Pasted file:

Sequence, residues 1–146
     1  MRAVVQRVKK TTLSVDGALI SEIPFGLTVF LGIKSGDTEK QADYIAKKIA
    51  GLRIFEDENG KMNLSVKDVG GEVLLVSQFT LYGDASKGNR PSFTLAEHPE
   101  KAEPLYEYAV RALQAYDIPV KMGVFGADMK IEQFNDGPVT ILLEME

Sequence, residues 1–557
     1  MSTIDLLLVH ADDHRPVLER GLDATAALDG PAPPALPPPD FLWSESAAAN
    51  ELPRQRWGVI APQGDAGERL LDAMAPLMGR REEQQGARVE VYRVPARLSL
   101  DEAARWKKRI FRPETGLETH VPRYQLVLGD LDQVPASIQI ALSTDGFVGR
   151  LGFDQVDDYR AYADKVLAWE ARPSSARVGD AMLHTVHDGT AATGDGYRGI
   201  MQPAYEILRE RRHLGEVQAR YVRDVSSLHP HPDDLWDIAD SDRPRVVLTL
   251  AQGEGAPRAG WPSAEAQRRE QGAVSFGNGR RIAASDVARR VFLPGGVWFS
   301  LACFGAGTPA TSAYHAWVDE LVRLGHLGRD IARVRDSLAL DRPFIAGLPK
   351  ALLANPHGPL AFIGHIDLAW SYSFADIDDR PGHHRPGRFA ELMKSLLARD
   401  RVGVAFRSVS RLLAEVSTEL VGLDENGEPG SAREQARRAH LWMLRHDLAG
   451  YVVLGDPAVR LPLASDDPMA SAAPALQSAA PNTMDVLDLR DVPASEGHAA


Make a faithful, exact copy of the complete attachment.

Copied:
Sequence, residues 1–146
     1  MRAVVQRVKK TTLSVDGALI SEIPFGLTVF LGIKSGDTEK QADYIAKKIA
    51  GLRIFEDENG KMNLSVKDVG GEVLLVSQFT LYGDASKGNR PSFTLAEHPE
   101  KAEPLYEYAV RALQAYDIPV KMGVFGADMK IEQFNDGPVT ILLEME

Sequence, residues 1–557
     1  MSTIDLLLVH ADDHRPVLER GLDATAALDG PAPPALPPPD FLWSESAAAN
    51  ELPRQRWGVI APQGDAGERL LDAMAPLMGR REEQQGARVE VYRVPARLSL
   101  DEAARWKKRI FRPETGLETH VPRYQLVLGD LDQVPASIQI ALSTDGFVGR
   151  LGFDQVDDYR AYADKVLAWE ARPSSARVGD AMLHTVHDGT AATGDGYRGI
   201  MQPAYEILRE RRHLGEVQAR YVRDVSSLHP HPDDLWDIAD SDRPRVVLTL
   251  AQGEGAPRAG WPSAEAQRRE QGAVSFGNGR RIAASDVARR VFLPGGVWFS
   301  LACFGAGTPA TSAYHAWVDE LVRLGHLGRD IARVRDSLAL DRPFIAGLPK
   351  ALLANPHGPL AFIGHIDLAW SYSFADIDDR PGHHRPGRFA ELMKSLLARD
   401  RVGVAFRSVS RLLAEVSTEL VGLDENGEPG SAREQARRAH LWMLRHDLAG
   451  YVVLGDPAVR LPLASDDPMA SAAPALQSAA PNTMDVLDLR DVPASEGHAA